**6310 J. Phys. Chem. A, Vol. 112, No. 28, 2008
**

TABLE 4: Calculated Energy Levels (cm-1) and Relative Absorption Intensities for the Water Dimera

experiment local mode assignment |00〉 |1〉 |0〉f|0〉b|1〉 |00〉+|2〉 |0〉f|0〉b|2〉 |0〉f|1〉b|0〉(85%)+|1〉f|0〉b|0〉(13%) |10〉+|0〉 |1〉f|0〉b|0〉(85%)+|0〉f|1〉b|0〉(13%) |10〉-|0〉 |0〉f|1〉b|1〉(82%)+|1〉f|0〉b|1〉(12%) |10〉+|1〉 |10〉-|1〉 |1〉f|0〉b|1〉(82%)+|0〉f|1〉b|1〉(13%) |0〉f|1〉b|2〉 |10〉+|2〉 |10〉-|2〉 |1〉f|0〉b|2〉 |0〉f|2〉b|0〉 |20〉+|0〉(75%)+|11〉+|0〉(17%) |2〉f|0〉b|0〉(68%)+|1〉f|1〉b|0〉(23%) |20〉-|0〉 |1〉f|1〉b|0〉(69%)+|2〉f|0〉b|0〉(25%) |11〉+|0〉(78%)+|20〉+|0〉(18%) |0〉f|2〉b|1〉 |20〉+|1〉(70%)+|11〉+|1〉(16%) |20〉-|1〉 |2〉f|0〉b|1〉(63%)+|1〉f|1〉b|1〉(22%) |1〉f|1〉b|1〉(66%)+|2〉f|0〉b|1〉(25%) |11〉+|1〉(74%)+|20〉+|1〉(18%) |0〉f|2〉b|2〉(69%)+|0〉f|3〉b|0〉(13%) |0〉f|3〉b|0〉(80%)+|0〉f|2〉b|2〉(12%) |30〉+|0〉(77%)+|21〉+|0〉(9%) |3〉f|0〉b|0〉(67%)+|2〉f|1〉b|0〉(12%) |30〉-|0〉 |1〉f|2〉b|0〉(68%)+|3〉f|0〉b|0〉(15%) |21〉+|0〉(80%)+|30〉+|0〉(10%) |2〉f|1〉b|0〉(74%)+|1〉f|2〉b|0〉(15%) |21〉-|0〉 |0〉f|4〉b|0〉 |40〉+|0〉(72%)+|50〉+|0〉(10%) |40〉-|0〉(73%)+|50〉-|0〉(10%) |4〉f|0〉b|0〉 |1〉f|3〉b|0〉 |3〉f|1〉b|0〉(43%)+|2〉f|2〉b|0〉(32%) |31〉+|0〉(55%)+|22〉+|0〉(22%) |2〉f|2〉b|0〉(50%)+|3〉f|1〉b|0〉(38%) |31〉-|0〉 |22〉+|0〉(64%)+|31〉+|0〉(27%) |0〉f|5〉b|0〉 |50〉+|0〉(54%)+|60〉+|0〉(14%) |50〉-|0〉(54%)+|60〉-|0〉(14%)

+

Salmi et al.

AVTZ 1594.8 1616.3 3158.3 3200.0 3541.4 3631.0 3709.7 3732.4 5139.8 5205.2 5307.2 5306.8 6701.2 6746.9 6851.2 6870.7 6918.8 7154.8 7178.8 7204.8 7304.8 7400.8 8501.0 8708.9 8759.5 8759.0 8882.1 8955.4 10027.7 10125.9 10538.2 10550.7 10552.1 10613.3 10802.9 10824.4 10972.3 13096.6 13755.6 13758.5 13777.1 13800.6 14066.0 14139.2 14242.0 14240.6 14463.7 15911.4 16821.9 16822.5

AVQZb 1597.2 1617.6 3161.2 3200.9 3554.3 3647.8 3727.2 3750.0 5153.9 5224.4 5327.7 5325.9 6714.8 6766.5 6872.6 6889.9 6940.7 7186.3 7210.1 7236.4 7336.8 7435.2 8523.7 8742.9 8793.9 8791.6 8916.1 8992.9 10050.7 10152.2 10581.8 10593.7 10595.7 10655.9 10850.8 10870.3 11021.8 13124.4 13808.9 13811.8 13824.2 13855.7 14121.9 14199.3 14299.9 14301.3 14527.1 15938.7 16882.3 16882.9

CPc 1617.9 3201.4 3559.8 3727.7 5159.6 5326.7 6721.0 6891.1 6953.3 7212.6 7340.6 8536.7 8794.4 8920.3 10065.6 10171.9 10599.0 10663.5 10876.8 13153.3 13839.5 13860.5 14131.6 14309.9 15978.9

CBS + CV + 1597.4 1618.3 3159.9 3201.2 3558.7 3654.2 3734.8 3757.1 5158.6 5230.7 5335.0 5334.2 6718.8 6771.1 6878.6 6897.9 6947.4 7198.7 7223.1 7249.4 7350.1 7449.0 8530.5 8754.9 8806.9 8804.8 8930.1 9006.9 10057.5 10161.1 10601.0 10611.0 10615.3 10673.7 10869.7 10889.1 11042.0 13139.2 13837.1 13840.2 13841.8 13882.5 14144.2 14223.7 14324.0 14327.5 14553.6 15966.0 16920.4 16921.1

relb

ﬁt 1614.5 3193.7 3598.6 3739.4 5193.4 5334.8 6749.5 6895.0 7018.1 7238.3 7380.0 8594.4 8815.7 8955.3 10120.2 10241.0 10633.5 10721.6 10933.5 13217.7 13879.2 13925.4 14199.2 14381.2 16028.5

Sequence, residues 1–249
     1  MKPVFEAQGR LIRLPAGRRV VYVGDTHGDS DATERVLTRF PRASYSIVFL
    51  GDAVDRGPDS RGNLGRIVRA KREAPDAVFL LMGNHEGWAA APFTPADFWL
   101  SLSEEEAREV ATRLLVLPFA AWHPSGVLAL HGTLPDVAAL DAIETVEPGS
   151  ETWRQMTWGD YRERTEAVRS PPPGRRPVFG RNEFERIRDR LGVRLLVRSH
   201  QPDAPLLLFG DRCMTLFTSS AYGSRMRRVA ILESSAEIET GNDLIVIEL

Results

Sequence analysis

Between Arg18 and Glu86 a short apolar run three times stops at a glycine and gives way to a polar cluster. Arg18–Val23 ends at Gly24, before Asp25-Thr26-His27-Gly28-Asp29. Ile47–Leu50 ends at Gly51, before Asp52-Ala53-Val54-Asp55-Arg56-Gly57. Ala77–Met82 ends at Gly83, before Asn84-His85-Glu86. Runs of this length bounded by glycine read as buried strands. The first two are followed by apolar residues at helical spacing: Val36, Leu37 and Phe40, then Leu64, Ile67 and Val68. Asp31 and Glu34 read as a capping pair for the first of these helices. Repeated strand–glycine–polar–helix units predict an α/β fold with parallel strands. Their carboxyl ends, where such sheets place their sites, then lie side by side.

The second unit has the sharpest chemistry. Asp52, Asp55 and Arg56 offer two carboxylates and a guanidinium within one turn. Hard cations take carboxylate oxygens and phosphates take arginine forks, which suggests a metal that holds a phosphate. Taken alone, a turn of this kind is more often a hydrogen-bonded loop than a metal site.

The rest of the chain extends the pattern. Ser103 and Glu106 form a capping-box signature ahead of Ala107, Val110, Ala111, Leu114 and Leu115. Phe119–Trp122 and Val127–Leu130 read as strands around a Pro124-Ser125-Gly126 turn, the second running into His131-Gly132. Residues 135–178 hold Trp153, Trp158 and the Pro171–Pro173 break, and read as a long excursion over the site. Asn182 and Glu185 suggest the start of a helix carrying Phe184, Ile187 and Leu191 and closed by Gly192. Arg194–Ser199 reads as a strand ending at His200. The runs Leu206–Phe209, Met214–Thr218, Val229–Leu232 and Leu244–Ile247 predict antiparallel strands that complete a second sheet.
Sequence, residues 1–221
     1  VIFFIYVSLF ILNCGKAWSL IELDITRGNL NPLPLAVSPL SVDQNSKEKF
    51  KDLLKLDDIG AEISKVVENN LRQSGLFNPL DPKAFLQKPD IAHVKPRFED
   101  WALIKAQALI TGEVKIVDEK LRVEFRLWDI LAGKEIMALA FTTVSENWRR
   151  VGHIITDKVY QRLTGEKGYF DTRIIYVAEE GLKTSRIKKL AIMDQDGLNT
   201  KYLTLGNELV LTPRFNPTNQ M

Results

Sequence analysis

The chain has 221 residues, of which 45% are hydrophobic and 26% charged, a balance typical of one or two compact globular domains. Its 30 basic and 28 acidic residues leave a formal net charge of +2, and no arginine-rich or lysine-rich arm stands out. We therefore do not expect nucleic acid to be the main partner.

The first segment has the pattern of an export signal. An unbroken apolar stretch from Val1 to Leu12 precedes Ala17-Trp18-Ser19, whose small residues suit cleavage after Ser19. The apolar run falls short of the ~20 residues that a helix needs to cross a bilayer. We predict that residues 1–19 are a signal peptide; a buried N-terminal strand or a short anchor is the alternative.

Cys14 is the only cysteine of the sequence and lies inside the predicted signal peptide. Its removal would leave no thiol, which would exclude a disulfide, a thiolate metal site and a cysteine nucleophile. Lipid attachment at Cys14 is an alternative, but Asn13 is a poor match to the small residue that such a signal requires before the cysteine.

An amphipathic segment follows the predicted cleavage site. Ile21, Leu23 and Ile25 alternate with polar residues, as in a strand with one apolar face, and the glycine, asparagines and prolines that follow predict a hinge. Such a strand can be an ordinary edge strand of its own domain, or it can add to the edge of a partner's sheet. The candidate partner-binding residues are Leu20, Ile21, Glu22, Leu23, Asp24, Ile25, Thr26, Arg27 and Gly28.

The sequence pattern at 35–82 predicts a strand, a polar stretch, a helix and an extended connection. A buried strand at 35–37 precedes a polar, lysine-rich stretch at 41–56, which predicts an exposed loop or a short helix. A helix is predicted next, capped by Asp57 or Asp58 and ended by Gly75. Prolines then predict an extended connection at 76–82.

matrixd 1599.2 1616.5 3163.0 3193.7 3590.5 3660.6 3733.7 3750 5190.0 5242.8 5328 5332.9 6789.6 6894.7 7018.0 7206.6 7237.1 7245 7362.0

**gas phase 1600.6 1614.7e 3601f 3660g 3735f 3745.48h 5219i 5329i 5345i
**

e

intensities 27.9 17.3 0.21 1.8 100 3.2 41.0 22.6 0.85 0.048 2.7 1.1 5.1 × 4.8 × 0.050 0.014 0.10 0.26 0.30 1.1 0.68 5.9 × 4.7 × 1.2 × 0.11 0.014 3.8 × 9.7 × 5.3 × 3.9 × 3.7 × 0.013 0.036 0.019 1.6 × 7.0 × 4.5 × 8.4 × 1.2 × 1.7 × 1.2 × 4.0 × 5.9 × 1.8 × 6.7 × 3.0 × 2.6 × 2.6 × 1.1 × 7.4 ×

10-4 10-3

7193j 7240j 7249.8j

10-3 10-3 10-3 10-3 10-6 10-4 10-3 10-3

8821.1

13342k

10-3 10-3 10-3 10-4 10-5 10-3 10-3 10-4 10-4 10-4 10-5 10-4 10-6 10-4 10-5 10-5

a The assignments and intensities are taken from the CBS + CV + rel calculation for the acceptor unit and from the ﬁt for the donor unit. The intensities are scaled so that the value of 100 was attached to the strongest |0〉f|1〉b|0〉 band. b The two-dimensional surface part from the AVTZ surface (see Table 2). c PES as with AVQZ with the exception that four nonzero parameters were taken from Table 2 under heading CP. d Ne matrix values from ref 12. e From ref 15. For the state |0〉f|0〉b|1〉, alternative locations at 1613.8 and 1628.6 cm-1. f From ref 18. g From ref 14. h From ref 16. i From ref 19, broad bands, large uncertainty. j From ref 17. k From ref 21.

from the ﬁrst overtone manifold onward makes the transitions to the combinations states |m〉f|n〉b|0〉 (m, n > 0) stronger than is typical. We may compare our results with the CC-VSCF calculations presented in ref 17 and the results obtained with the HCAO model including the H–O–H bending vibrations.27 Our results are in better agreement with the HCAO model. For example, our computed band centers and relative intensities of the transitions to the stretching states |20〉-|0〉, |2〉f|0〉b|0〉, |20〉+|0〉, and |1〉f|1〉b|0〉 agree best with the results of ref 27 (HCAO). In this context, note that the states |2〉f|0〉b|0〉 and |1〉f|1〉b|0〉 are

heavily mixed as mentioned earlier. The comparison with a highresolution absorption experiment is interesting. As is seen from Table 4, we have assigned the water dimer bands at 7193, 7240, and 7249.8 cm-1. We can also reproduce the observed relative intensities correctly. The band at 7249.8 cm-1 is the strongest and the bands at 7193 and 7240 cm-1 are about equally intense. The only experimental band we are unable to assign is the very weak feature at 7282 cm-1, because it is too far away from our computed vibrational term values. Band contour simulations give additional information on the assignments in the ﬁrst O-H stretching region. The bands are